As used herein, the term “secondary antibody” means an antibody or combination of antibodies, which binds an antibody that specifically binds an I-2 polypeptide having substantially the amino acid sequence SEQ ID NO: 2. One skilled in the art understands that, preferably, a secondary antibody does not compete with the I-2 antigen for binding to the primary antibody. A secondary antibody can bind any epitope of the antibody that specifically binds the I-2 polypeptide. A particularly useful secondary antibody is an anti-IgA or anti-IgG antibody having specificity for the class determining portion of the primary antibody. A useful secondary antibody is specific for the species from which the sample was obtained. For example, if human serum is the sample to be assayed, mouse anti-human IgA or IgG can be a useful secondary antibody. A combination of different antibodies, which can be useful in the methods of the invention, also is encompassed within the meaning of the term secondary antibody, provided that at least one antibody of the combination reacts with an antibody that specifically binds an I-2 polypeptide.

As used herein, the term “class determining portion,” when used in reference to a secondary antibody, means the heavy chain constant-region sequence of an antibody that determines the isotype, such as IgA, IgD, IgE, IgG or IgM. Thus, a secondary antibody that has specificity for the class determining portion of an IgA molecule, for example, binds IgA in preference to other antibody isotypes.

A secondary antibody useful in the invention can be obtained commercially or by techniques well known in the art. Such an antibody can be a polyclonal or, preferably, monoclonal antibody. For example, IgG reactive polyclonal antibodies can be prepared using IgG or Fc fragments of IgG as an immunogen to stimulate the production of antibodies in the antisera of an animal such as a rabbit, goat, sheep or rodent, as described in Harlow and Lane, Antibodies: A Laboratory Manual New York: Cold Spring Harbor Laboratory (1988), which is incorporated herein by reference. Monoclonal secondary antibodies, which are a population of antibody molecules that contain only one species of idiotope capable of binding a particular antigen epitope also can be produced by routine methods (see, for example, Harlow and Lane, supra, 1988) or obtained commercially.

The term “detectable secondary antibody” means a secondary antibody, as defined above, that can be detected or measured by analytical methods. Thus, the term secondary antibody includes an antibody labeled directly or indirectly with a detectable marker that can be detected or measured and used in a convenient assay such as an enzyme-linked immunosorbent assay, radioimmunoassay, radial immunodiffusion assay or Western blotting assay. A secondary antibody can be labeled, for example, with an enzyme, radioisotope, fluorochrome or chemiluminescent marker. In addition, a secondary antibody can be rendered detectable using a biotin-avidin linkage such that a detectable marker is associated with the secondary antibody. Labeling of the secondary antibody, however, should not impair binding of the secondary antibody to the I-2 polypeptide. If desired, a multiple antibody system can be used as the secondary antibody as discussed above. In such a system, at least one of the antibodies is capable of binding the primary anti-I-2 antibody and at least one of the antibodies can be readily detected or measured by analytical methods.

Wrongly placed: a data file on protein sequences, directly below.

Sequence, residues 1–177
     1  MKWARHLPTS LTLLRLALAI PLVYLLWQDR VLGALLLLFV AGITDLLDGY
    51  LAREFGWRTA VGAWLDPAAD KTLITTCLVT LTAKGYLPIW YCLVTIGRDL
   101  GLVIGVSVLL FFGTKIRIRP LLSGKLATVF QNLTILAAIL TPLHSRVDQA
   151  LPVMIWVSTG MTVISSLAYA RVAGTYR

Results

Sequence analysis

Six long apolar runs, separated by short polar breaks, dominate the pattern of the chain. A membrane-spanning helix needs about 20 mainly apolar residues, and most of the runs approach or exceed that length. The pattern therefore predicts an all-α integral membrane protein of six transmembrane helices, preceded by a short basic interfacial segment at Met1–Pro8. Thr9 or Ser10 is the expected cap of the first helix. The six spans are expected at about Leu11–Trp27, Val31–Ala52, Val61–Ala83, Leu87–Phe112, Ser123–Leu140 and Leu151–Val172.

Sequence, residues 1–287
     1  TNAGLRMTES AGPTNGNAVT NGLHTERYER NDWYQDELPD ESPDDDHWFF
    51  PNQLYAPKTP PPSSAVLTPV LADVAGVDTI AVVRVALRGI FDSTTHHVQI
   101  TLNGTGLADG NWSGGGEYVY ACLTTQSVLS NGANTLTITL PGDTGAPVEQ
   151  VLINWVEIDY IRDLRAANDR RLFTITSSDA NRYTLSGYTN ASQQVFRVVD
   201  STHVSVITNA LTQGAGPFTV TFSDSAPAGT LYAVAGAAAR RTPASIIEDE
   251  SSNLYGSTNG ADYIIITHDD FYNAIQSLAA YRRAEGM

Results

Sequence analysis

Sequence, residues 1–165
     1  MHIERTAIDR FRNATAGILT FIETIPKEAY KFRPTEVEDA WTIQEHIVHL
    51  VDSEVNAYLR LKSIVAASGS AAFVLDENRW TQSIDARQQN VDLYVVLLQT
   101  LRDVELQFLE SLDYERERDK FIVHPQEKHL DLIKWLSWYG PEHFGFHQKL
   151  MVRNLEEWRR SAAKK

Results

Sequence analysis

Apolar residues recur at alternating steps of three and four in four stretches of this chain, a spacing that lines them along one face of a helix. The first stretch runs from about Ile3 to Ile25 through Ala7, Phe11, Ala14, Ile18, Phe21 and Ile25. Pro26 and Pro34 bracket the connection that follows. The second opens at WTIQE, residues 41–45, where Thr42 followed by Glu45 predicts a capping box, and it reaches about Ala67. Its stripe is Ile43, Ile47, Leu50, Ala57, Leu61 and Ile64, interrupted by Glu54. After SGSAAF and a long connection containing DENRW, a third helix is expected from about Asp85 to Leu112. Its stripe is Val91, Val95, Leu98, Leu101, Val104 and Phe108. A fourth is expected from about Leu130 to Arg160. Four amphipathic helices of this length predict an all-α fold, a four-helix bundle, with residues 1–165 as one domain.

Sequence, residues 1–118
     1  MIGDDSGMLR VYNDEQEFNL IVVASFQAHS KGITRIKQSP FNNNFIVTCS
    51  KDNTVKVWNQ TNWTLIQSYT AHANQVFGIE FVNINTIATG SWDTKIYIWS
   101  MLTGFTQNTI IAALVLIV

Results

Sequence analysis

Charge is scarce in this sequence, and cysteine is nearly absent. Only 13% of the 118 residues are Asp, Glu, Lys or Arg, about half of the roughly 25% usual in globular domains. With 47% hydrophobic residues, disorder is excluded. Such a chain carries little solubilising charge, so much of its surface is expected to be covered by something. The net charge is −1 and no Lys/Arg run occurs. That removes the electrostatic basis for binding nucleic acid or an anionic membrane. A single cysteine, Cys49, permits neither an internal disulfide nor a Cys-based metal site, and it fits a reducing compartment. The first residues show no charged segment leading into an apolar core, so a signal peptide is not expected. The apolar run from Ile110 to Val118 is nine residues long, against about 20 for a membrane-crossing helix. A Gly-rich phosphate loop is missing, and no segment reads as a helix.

A secondary antibody can be rendered detectable by labeling with an enzyme such as horseradish peroxidase (HRP), alkaline phosphatase (AP), β-galactosidase or urease, for example. A horseradish-peroxidase detection system can be used, for example, with the chromogenic substrate tetramethylbenzidine (TMB), which yields a soluble product in the presence of hydrogen peroxide that is detectable by measuring absorbance at 450 nm. An alkaline phosphatase detection system can be used with the chromogenic substrate p-nitrophenyl phosphate, for example, which yields a soluble product readily detectable by measuring absorbance at 405 nm. Similarly, a β-galactosidase detection system can be used with the chromogenic substrate o-nitrophenyl-β-D-galactopyranoside (ONPG), which yields a soluble product detectable by measuring absorbance at 410 nm, or a urease detection system can be used with a substrate such as urea-bromocresol purple (Sigma Immunochemicals, St. Louis, Mo.). A secondary antibody can be linked to an enzyme by methods well known in the art (Harlow and Lane, supra, 1988) or can be obtained from a number of commercial sources. For example, goat F(ab′)2 anti-human IgG-alkaline phosphatase is a useful detectable secondary antibody that can be purchased from Jackson Immuno-Research (West Grove, Pa.).

A secondary antibody also can be rendered detectable by labeling with a fluorochrome. Such a fluorochrome emits light of ultraviolet or visible wavelength after excitation by light or another energy source. DAPI, fluorescein, Hoechst 33258, R-phycocyanin, B-phycoerythrin, R-phycoerythrin, rhodamine, Texas red or lissamine, for example, is a fluorochrome that can be linked to a secondary antibody and used to detect the presence or absence of a complex. A particularly useful fluorochrome is fluorescein or rhodamine. Methods of conjugating and using these and other suitable fluorochromes are described, for example, in Van Vunakis and Langone, Methods in Enzymology, Volume 74, Part C (1991), which is incorporated herein by reference. A secondary antibody linked to a fluorochrome also can be obtained from commercial sources. For example, goat F(ab′)2 anti-human IgG-FITC is available from Tago Immunologicals (Burlingame, Calif.).